Nitrogen Budget of a subartic stream altered by beaver
by Robert J. Naiman and Jerry M. Melillo
Oecologia 1984 62:150-155
Naiman and Melillo introduce the beaver as the species that once numbered "about 60 million individuals ranging over 15.5 million square kilometers. The density was about 4 beaver per square kilometer, which is in accord with densities in remote areas today." Now that beaver numbers are increasing, they "are again becoming a significant component of aquatic ecosystems." Little work has been done quantifying that effect, and so these authors tried to "quantify the influence of beaver activities on the nitrogen dynamics of a small, nutrient poor, subartic stream and to examine this influence in reference to current perspectives in running water ecology."
They chose to study a stream near Sept Isles in Eastern Quebec, a region that's Precambian shield granite and the stream water is low in nutrients and somewhat acidic. They began by mapping the entire stream and measuring the nitrogen content in everything they could. Then they compared this "nitrogen budget" of the stream riffle and beaver ponds. For the pond they assumed an average pond typical of the region: the beavers changed 100 meters of stream about 1 meter wide and 15 centimeters deep into a pond with an average width of 7 meters and average depth of 150 centimeters.
They estimated that "the water column in the beaver pond contains 37 times more nitrogen than the riffle and the wood [in the pond] sequesters at least six times more nitrogen." As for the sediment "the beaver pond stores approximately 1000 times more nitrogen in sediments, per linear meter of stream channel, than does the riffle."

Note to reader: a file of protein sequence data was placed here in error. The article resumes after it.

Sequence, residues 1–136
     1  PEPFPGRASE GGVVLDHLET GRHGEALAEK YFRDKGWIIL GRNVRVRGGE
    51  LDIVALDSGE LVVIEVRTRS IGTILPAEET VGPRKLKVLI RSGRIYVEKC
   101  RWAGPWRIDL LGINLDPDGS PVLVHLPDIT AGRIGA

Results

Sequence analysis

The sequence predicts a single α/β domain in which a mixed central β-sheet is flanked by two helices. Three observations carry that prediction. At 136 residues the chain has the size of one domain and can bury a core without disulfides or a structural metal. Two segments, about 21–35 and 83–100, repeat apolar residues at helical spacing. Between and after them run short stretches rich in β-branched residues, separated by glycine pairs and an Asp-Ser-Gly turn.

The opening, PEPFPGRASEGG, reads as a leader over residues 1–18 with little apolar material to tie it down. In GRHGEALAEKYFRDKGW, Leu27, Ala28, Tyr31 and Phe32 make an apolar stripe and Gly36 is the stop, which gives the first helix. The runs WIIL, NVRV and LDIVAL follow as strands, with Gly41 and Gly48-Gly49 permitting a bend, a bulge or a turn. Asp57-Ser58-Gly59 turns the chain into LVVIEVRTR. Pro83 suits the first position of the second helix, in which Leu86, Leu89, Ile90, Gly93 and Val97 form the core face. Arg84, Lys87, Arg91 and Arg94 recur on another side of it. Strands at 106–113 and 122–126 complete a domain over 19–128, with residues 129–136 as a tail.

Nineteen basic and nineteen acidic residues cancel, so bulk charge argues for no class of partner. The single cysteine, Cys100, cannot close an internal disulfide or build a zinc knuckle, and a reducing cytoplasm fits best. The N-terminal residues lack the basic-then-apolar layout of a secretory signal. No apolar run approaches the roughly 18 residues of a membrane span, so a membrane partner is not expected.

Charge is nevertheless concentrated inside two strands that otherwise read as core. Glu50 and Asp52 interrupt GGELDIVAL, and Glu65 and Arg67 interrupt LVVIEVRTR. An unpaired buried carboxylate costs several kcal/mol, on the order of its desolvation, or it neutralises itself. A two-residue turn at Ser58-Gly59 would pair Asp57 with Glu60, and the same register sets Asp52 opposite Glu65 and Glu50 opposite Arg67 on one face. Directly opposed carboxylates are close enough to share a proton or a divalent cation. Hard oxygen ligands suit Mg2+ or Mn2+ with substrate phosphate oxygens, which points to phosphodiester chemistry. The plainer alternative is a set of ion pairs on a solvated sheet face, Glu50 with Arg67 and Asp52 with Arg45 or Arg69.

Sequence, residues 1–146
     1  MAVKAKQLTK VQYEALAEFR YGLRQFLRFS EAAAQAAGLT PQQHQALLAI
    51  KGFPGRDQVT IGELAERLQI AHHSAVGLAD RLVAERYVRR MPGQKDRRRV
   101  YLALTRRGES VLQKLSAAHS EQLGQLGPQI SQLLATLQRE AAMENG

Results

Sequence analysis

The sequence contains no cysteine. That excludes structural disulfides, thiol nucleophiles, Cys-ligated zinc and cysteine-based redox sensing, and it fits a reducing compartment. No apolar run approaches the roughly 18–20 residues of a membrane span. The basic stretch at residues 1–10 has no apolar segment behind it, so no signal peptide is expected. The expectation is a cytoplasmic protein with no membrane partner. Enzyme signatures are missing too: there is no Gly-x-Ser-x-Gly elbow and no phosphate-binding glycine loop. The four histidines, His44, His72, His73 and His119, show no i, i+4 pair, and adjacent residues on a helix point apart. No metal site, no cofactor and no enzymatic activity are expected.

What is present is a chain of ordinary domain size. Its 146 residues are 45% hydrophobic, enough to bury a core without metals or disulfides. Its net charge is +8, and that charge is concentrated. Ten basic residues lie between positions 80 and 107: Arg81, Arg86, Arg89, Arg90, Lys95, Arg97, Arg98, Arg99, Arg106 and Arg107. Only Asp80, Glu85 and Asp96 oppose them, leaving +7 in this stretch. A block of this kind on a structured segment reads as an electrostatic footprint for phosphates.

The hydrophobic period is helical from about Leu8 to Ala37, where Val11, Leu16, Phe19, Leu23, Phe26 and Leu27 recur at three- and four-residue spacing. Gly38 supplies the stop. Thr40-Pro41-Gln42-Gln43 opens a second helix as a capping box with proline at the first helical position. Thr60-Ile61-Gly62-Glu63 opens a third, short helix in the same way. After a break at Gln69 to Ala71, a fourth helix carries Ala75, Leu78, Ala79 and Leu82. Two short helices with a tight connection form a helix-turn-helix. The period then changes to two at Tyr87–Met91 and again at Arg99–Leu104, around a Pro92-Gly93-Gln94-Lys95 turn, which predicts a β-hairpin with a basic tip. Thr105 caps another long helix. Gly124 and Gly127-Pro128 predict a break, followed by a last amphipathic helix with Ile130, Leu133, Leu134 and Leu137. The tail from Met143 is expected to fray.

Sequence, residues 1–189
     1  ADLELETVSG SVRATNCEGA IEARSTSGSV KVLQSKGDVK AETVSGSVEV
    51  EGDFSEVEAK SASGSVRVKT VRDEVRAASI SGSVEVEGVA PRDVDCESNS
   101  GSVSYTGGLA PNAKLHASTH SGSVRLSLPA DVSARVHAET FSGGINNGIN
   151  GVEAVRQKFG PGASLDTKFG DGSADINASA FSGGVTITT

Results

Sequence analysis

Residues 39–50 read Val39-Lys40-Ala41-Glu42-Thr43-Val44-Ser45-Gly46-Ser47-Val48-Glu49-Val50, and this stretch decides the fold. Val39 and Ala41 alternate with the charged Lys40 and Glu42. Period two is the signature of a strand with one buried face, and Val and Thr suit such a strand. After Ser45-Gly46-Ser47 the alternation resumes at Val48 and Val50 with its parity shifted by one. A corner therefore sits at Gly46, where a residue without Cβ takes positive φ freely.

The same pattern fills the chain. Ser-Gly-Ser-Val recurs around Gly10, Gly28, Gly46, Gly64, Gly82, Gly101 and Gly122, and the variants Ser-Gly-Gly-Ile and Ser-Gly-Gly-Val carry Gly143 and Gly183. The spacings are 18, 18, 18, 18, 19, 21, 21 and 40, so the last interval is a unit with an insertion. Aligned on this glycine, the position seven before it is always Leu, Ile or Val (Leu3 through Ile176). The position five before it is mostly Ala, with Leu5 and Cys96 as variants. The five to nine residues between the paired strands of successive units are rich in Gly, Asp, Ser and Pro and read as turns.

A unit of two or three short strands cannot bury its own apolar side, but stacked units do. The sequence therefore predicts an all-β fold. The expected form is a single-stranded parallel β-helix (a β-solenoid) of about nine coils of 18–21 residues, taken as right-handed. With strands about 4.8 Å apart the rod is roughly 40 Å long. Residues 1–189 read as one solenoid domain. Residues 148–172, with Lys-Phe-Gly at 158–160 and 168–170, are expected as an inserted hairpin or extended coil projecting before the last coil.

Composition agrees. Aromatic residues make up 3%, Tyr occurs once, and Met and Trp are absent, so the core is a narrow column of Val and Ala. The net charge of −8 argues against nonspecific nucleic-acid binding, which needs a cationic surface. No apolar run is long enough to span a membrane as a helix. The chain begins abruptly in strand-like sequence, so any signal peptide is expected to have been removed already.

Naiman and Melillo were also careful to measure other sources of nitrogen, including that from falling rain and leaves. Needless to say, those sources accounted for little change in the nitrogen budget. In beaver ponds 66.2% of nitrogen fixation is "associated with accumulated sediment." This accumulation is also stable, "the turnover time for nitrogen is a slow 72.4 years."
In the estuaries at the end of watersheds serving populated areas, an excess of nitrogen from fertilizer run-off is a problem often overwhelming an ecosystem. However, the storage of so much nitrogen at the beginning of watersheds is quite another matter. Naiman and Melillo note "the fact that large amounts of sediment and nitrogen were sequestered high up in the watershed, rather than being eroded downstream, suggests that watercourses throughout North America were significantly altered by the removal of beaver long before extensive research began." In the remote area where this research was done in the 1980s researchers estimated that 30% of the streams were impacted by beavers. Historically the storage of nitrogen and subsequent enrichment of stream water with nitrogen also effected the ecology of downstream areas, especially those that are nitrogen poor. So by its wood harvests, the beaver is fertilizing areas far beyond its pond.
Finally the authors come up with a nice analogy. The ponds created by beavers in a watershed are not unlike "the small 'disturbance' zones analogous to those in marine intertidal areas." Just as those intertidal areas are places we find enhanced biodiversity, so it is with a beaver pond.
by Bob Arnebeck
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